Mike LePond’s Silent Assassins – Pawn And Prophecy

 Mike LePond’s Silent Assassins – Pawn And Prophecy

Mike LePond’s Silent Assassins – Pawn And Prophecy – Album Review

You can always tell a band is ready to rock when the first words you hear are shouts of “whoa” & “yeah” – am I right?  Mike LePond’s Silent Assassins are back in the mix here at the page with a brand-new record called Pawn And Prophecy – first time we’ve had’em back since hearing them in 2016 on their self-titled record.  And you know…it’s funny…I never really considered the irony that existed in the moniker of this Metal crew of all-stars last time around…you gotta figure it’s at least made these guys crack a smile or two at some point in time…I mean…they’re pretty much anything but silent in any way.

They get the blood pumpin’ quickly in the build-up of the opening tune “Masters Of The Hall” before they unleash the freakin’ BEAST around the forty-five second mark, taking the tempo and killer sound well-beyond whatever the maximum you’d find in damn near any other band.  Michael Romeo has done an exceptional job of the drum programming on this cut and filling in the atmosphere with the keyboards, and the guitar solos from either Lance Barnewold or Rod Rivera – or both – are hot enough to start the fretboard smoking.  “Masters Of The Hall” roars with energy & complexity every bit as much as it shines through epic hooks and gripping instrumentation – and I haven’t even mentioned Alan Tecchio’s vocals yet!  Believe me, they’re worth a sentence or two at the very least – this dude is INSANITY INCARNATE – and absolutely fucking awesome on “Masters Of The Hall.”  I’ll admit, lyrically, I usually go for a lot less Vikings in the stuff I normally listen to, I ain’t gonna lie – but content not completely aside, I think what’s been written IS interesting & engaging – they’re using themes you’ll often find in Metal & its surrounding genres, but if you’re not normally dipping into those pools, it’ll make the uniqueness in the word department stand-out even a bit more for ya.  Because it’s very much like a tale, a fable, a story – a legend perhaps; whatever you want to call it, it certainly comes with legendary sound.  The amount of demands on Tecchio’s vocals for “Masters Of The Hall” are absolutely killer – the kind that would 100% need someone with the technique, skill, confidence, and power to deliver – and thankfully, Mike LePond’s Silent Assassins has exactly that & more in Alan, who essentially earns his whole paycheck on this first track with the brilliantly inspired performance he puts in.  Beyond clear how dialed-in this band has become; they were tight before – they’re even more deadly now.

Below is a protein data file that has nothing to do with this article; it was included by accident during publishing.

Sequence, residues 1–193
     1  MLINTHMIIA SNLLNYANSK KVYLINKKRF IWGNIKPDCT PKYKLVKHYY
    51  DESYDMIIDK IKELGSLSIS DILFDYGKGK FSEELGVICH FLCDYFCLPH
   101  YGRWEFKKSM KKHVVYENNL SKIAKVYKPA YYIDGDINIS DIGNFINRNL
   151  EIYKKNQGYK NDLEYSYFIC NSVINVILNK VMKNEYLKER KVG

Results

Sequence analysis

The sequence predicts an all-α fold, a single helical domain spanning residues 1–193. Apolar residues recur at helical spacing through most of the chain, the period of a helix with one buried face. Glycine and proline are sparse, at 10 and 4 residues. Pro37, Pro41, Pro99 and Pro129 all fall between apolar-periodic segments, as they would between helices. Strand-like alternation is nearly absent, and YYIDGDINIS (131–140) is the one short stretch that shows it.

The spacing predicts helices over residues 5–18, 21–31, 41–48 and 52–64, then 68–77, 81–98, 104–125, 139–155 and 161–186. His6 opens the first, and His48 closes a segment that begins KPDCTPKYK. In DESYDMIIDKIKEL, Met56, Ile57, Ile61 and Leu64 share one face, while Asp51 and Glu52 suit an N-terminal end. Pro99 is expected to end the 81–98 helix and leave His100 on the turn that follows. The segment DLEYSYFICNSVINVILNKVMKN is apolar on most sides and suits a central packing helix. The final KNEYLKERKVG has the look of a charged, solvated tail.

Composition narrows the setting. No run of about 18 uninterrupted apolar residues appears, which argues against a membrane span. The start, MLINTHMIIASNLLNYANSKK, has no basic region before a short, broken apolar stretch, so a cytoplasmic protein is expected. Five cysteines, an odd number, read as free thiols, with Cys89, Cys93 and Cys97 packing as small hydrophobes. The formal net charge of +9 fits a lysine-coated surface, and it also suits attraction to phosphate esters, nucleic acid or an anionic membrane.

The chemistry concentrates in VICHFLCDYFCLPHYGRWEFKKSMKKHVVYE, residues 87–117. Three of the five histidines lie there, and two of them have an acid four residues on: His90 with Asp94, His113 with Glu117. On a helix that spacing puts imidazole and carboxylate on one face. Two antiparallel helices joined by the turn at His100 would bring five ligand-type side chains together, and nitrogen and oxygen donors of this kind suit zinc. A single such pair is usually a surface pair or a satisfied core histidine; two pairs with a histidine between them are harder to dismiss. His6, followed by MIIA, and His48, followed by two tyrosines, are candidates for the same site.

Mike LePond gets a bit more of the spotlight on “Black Legend” – his low-rumble & smart musicianship can be heard more throughout this second cut.  Also the lead-single if I’m not mistaken – at the very least, it’s got itself a video already, which you can check out below and watch these music-savages storm and stomp all over the stage to the wild riffs & energy “Black Legend” pumps out.  They’re a band full of serious Metal all-stars…the top-notch level of musicianship that you’ll find on these first two cuts are solid examples of the band’s extreme capabilities – you can count on them to deliver flawlessly no matter how complex it gets or how far their song structure will take them.  “Black Legend” has less time to roam and explore than “Masters Of The Hall” did; not necessarily an intentional effort to write a hit, but much more adherent to a quicker flow that would make it more suitable as a single for sure.  Chorus hooks are solid, the passion is relentless as ever, the vocals are crushin’ it hard once again – BUT…I suppose I’d have to argue that when it comes to this particular tune…it’d be damn near impossible to steal the show any harder than the guitars on this track do.  That’s where the real hooks of “Black Legend” occur perhaps more than any other element…which is awesome, because the bass from Mike and the vocals from Alan are seriously impressive too – I just don’t know what could beat the riffs of the guitars of this track when it comes to its most memorable aspect.  In any event, it’s a rad ‘problem’ to have when you’re spoiled for choice like this…pick an element of “Black Legend” and you’ll find five players that are all kicking ass towards a sum total even greater than its individual parts.  Awesome.